Another aspect to family conflict is family violence. In a study done by Farber and Knast (1984) they found that a large amount of violence had be directed towards youth who had run away. In one case, Farber and Knast recalled how one mother was beaten by her husband. She had been arguing with her husband about who the father of her daughter was, even though she knew it was another man. Another case had noted that one of the young girls vividly remembered watching and hearing her mother being choked by her father as she listened from a dark closet. As the years pasted, these girls were later admitted to the California Youth Authority for committing crimes of their own (Farber and Knast).
The Integrated Cognitive Antisocial Potential (ICAP) theory was designed to help better explain offending by lower-class females. This theory assumes that the translation from antisocial potential to antisocial behavior is dependent on cognitive processes which take in opportunities and victims (Cullen and Wilcox 226). This theory also assumes that there is a single developmental pathway from childhood to adulthood and how this antisocial potential can turn into criminal behavior.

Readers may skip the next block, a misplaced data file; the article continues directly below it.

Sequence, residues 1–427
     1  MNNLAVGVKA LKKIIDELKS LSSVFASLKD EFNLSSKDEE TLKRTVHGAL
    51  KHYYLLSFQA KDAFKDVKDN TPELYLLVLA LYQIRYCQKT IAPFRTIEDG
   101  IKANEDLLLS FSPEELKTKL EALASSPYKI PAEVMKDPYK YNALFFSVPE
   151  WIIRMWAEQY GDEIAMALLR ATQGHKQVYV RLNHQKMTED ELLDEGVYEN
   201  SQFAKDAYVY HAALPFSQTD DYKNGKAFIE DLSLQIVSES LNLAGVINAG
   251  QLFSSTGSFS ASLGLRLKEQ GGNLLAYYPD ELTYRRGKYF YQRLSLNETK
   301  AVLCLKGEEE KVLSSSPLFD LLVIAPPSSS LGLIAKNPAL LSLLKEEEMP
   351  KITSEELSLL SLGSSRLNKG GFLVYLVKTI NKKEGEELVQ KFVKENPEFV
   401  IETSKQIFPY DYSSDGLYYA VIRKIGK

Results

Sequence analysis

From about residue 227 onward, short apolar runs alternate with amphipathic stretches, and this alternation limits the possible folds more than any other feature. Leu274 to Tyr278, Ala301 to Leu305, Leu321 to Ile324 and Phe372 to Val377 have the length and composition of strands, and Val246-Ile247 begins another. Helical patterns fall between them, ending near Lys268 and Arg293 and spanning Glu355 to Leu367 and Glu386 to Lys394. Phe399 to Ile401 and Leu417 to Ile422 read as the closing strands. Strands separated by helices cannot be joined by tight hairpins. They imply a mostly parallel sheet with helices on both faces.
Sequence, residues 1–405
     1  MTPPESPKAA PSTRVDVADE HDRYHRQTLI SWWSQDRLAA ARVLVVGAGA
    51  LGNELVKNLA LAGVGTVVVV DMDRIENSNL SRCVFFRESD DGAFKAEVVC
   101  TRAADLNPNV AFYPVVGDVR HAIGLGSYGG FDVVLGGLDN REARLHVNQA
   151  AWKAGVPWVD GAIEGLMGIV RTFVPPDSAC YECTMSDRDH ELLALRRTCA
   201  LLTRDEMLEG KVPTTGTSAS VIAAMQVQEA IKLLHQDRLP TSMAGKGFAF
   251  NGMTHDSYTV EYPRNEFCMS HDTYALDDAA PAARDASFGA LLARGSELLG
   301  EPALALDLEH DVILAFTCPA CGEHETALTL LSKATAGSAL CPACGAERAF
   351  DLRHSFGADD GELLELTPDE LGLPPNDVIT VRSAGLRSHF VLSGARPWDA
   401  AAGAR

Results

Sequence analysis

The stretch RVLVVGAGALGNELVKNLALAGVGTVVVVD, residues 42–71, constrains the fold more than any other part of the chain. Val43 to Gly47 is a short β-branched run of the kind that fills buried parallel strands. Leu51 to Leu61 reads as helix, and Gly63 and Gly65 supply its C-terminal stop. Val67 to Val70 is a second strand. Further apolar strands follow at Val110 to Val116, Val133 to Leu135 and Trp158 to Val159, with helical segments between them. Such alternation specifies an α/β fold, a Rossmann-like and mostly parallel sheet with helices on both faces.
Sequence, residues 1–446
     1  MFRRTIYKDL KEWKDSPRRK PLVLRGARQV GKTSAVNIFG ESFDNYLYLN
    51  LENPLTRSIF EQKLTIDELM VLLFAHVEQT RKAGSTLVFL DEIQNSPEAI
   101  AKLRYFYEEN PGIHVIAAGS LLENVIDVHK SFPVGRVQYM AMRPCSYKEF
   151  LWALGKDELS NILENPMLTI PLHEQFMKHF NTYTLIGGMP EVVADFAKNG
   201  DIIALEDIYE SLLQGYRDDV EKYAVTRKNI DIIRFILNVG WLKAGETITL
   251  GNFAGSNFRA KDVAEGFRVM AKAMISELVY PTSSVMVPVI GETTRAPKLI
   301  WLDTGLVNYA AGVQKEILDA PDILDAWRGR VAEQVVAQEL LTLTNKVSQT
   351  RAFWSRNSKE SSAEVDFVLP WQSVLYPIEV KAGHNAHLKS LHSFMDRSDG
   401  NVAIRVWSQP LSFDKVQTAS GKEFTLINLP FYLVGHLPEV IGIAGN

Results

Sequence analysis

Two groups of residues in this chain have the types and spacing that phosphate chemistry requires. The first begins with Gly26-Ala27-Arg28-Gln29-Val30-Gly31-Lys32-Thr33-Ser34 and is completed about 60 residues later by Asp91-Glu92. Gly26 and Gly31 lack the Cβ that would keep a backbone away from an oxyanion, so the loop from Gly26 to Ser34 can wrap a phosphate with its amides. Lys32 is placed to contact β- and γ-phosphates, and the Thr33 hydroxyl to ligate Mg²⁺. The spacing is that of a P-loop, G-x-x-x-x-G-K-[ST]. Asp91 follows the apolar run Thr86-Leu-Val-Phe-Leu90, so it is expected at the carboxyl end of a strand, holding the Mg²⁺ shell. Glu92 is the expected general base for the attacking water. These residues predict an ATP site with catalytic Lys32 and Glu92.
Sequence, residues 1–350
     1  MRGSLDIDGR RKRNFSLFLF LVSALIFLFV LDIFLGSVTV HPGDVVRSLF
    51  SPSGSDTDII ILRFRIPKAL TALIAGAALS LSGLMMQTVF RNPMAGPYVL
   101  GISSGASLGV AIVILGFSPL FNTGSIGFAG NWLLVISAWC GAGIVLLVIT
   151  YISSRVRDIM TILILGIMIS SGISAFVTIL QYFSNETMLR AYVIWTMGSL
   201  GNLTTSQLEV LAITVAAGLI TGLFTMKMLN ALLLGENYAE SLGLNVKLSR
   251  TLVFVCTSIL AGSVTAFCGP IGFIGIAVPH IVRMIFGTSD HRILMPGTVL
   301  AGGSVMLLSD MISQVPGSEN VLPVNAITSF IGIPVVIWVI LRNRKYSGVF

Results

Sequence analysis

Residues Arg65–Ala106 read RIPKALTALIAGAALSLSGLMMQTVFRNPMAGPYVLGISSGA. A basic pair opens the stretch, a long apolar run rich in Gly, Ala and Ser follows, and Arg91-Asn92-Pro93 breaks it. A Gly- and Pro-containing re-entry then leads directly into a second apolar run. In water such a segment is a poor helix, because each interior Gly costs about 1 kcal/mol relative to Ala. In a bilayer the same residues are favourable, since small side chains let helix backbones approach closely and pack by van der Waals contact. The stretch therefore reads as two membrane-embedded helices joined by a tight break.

In long term antisocial potential, criminality tends to be high if individuals are exposed to and influenced by antisocial models such as criminal parents, delinquent siblings, and delinquent peers in areas that are high in crime such as schools and neighborhoods (Cullen and Wilcox 236). In short term antisocial potential stems from factors such as being bored, angry, drunk, frustrated, or encouraged by male peers (Cullen and Wilcox 236).